Thursday, 25 August 2011

Professor Layton and the Eternal Diva

Professor Layton has been solving puzzles ever since Professor Layton and the Curious Village first hit the Nintendo DS in 2008. Three years on and this tea-loving gentleman has racked his logical brain in six games so far. The game play has been hugely successful, but as many video game adaptations have proven, it is not always translated too well on the big screen. Thankfully, it appears that our English hero has been granted a surprisingly good movie.

Produced by the games creators, Level 5, Professor Layton and the Eternal Diva sees Professor Layton embark on the biggest adventure he has had to face so far. The action begins when Layton receives a letter from his old student, the famous opera singer Janice Quatlane. She is to perform at renown Crown Petone Opera House, and has invited Layton and his assistant Luke as her special guests. Upon arriving, Layton soon realises that not all is what it seems. A spate of disappearances have struck London. Layton soon realises that two young school girls have disappeared, and quickly suspects that the Crown Petone Opera House may have something to do with the circumstances. Add in the mystical ability of "eternal life", and it appears that Layton has a lot of puzzle solving to do in order to crack the case. 
Whilst many video game adaptations fail to remain faithful to the original game in some way, the Professor's first film outing actually compliments the game play in the DS games. Every so often, the film is broken up with a few puzzles which the characters must solve. The film even goes so far as to show the Professor's thought process whilst he is trying to put together the puzzle. Even the audience gets to take part in the puzzle solving, as the answers are not revealed for a while. The puzzles are not exactly tricky, unlike the games, but this is expected due to time constraints and all. The familiar soundtrack from the games, including the Professor Layton theme tune, is incorporated into the film as well.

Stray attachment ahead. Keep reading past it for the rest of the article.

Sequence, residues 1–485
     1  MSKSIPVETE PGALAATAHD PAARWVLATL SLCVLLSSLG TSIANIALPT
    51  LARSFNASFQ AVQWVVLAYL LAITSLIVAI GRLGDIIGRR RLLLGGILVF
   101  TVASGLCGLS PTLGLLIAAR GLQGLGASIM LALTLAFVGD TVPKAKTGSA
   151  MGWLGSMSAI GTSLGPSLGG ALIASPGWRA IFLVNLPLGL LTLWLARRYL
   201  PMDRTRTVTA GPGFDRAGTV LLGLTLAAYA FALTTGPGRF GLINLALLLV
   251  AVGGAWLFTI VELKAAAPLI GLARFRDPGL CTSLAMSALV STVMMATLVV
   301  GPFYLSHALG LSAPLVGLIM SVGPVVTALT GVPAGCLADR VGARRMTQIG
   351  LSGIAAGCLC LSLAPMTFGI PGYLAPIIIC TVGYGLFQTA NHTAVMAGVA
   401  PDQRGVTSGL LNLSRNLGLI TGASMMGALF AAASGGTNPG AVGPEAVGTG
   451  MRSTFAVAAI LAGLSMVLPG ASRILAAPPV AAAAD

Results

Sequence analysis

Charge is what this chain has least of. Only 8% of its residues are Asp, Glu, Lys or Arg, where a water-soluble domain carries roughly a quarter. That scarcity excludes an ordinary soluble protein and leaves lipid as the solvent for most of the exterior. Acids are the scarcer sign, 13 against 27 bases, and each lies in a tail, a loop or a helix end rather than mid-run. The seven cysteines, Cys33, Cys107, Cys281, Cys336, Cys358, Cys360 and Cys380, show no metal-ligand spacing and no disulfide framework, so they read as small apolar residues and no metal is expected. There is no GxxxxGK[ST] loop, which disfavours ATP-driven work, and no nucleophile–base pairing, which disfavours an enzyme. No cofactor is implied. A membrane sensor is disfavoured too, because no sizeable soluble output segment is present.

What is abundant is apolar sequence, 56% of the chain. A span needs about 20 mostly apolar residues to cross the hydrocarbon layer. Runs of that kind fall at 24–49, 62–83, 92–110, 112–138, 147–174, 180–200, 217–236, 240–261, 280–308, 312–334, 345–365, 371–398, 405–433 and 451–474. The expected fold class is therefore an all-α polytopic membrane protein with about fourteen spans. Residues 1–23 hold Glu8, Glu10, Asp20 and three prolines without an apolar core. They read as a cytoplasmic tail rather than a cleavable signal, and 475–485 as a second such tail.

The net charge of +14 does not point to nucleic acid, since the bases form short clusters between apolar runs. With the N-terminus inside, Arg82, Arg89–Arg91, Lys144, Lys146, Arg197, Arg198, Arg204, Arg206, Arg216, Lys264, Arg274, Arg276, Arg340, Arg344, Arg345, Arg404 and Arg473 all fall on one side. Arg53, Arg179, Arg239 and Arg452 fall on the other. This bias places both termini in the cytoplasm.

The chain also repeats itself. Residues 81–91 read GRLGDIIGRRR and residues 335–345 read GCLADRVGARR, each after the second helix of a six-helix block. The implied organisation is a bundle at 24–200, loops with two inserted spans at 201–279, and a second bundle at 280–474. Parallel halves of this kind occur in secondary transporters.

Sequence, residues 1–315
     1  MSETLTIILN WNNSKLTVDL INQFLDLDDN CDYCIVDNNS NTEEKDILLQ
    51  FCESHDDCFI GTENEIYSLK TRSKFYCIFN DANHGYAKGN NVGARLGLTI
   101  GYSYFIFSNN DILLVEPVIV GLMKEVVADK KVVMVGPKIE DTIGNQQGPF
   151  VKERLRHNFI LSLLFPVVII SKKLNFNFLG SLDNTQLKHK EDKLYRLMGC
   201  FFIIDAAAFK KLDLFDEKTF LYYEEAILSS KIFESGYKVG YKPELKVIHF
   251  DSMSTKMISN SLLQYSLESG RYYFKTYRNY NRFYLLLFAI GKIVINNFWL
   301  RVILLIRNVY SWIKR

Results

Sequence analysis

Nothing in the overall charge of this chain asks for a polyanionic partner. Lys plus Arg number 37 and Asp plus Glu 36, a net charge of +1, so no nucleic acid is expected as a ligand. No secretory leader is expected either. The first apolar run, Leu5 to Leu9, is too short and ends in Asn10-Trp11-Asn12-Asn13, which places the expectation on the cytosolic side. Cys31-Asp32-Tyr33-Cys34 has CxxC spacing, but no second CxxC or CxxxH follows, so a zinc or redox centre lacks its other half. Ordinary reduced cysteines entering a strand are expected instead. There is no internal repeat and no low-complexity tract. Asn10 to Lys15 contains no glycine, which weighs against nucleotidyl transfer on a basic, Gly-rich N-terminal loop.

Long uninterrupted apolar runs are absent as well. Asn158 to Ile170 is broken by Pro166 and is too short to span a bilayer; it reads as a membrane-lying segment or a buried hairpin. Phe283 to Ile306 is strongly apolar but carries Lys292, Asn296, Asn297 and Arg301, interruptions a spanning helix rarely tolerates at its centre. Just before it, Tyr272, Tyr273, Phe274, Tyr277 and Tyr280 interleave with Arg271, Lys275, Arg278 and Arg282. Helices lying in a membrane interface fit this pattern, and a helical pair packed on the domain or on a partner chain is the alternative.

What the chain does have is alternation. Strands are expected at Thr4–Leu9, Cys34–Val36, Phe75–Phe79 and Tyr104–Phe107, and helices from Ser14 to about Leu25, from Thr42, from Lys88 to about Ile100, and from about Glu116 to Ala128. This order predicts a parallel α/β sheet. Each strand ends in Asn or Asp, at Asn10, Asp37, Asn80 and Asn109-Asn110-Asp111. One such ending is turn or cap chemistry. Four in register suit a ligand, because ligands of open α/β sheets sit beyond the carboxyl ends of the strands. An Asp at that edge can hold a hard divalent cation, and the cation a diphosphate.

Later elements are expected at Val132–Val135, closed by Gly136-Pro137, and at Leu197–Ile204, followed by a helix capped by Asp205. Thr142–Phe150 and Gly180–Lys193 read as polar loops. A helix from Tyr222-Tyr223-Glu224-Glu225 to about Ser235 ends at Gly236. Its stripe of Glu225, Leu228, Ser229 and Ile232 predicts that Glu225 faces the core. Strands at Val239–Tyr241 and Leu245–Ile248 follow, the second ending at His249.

Cameos of previous characters from the games even make an appearance, including, perhaps the greatest character in the film, Inspector Groski. Clad in a wide-collared shirt, bundles of chest hair and a ridiculous quiff, he brings the moments of hilarity, and increases on the fun factor. There is so much here that we have seen in the games, that fans should have no difficulty in loving it. 
Professor Layton and the Eternal Diva is wonderfully animated, and the original voice cast have been re-hired for this feature length outing (sadly, Luke's voice is still pretty irritating though). As for the story, it's a pretty damn clever one at times. Without giving away any spoilers, the film has several conclusions, all of which seem cleverly thought out and left me thinking about them afterwards. The action is rather breathtaking too. Viewers will see their well-mannered Professor take to the skies in a make-shift plane, engage in a sword fight, and ending it all with an epic battle against a hulking mechanic enemy. 

Overall, Professor Layton and the Eternal Diva is an incredibly faithful film adaptation of the successful DS series. The whimsy setting, quirky character assortment, puzzle solving and, of course, the tea-loving Professor himself mean that this is a film that fans should love. The visuals are crisp and stay true to the art style in the games, and the soundtrack is fitting. It seems like it has been a long time since I have said this, but it appears that there is finally a video game adaptation out that I feel is worthy of watching for a second time. 

A second Professor Layton film outing will be released at the end of 2011!

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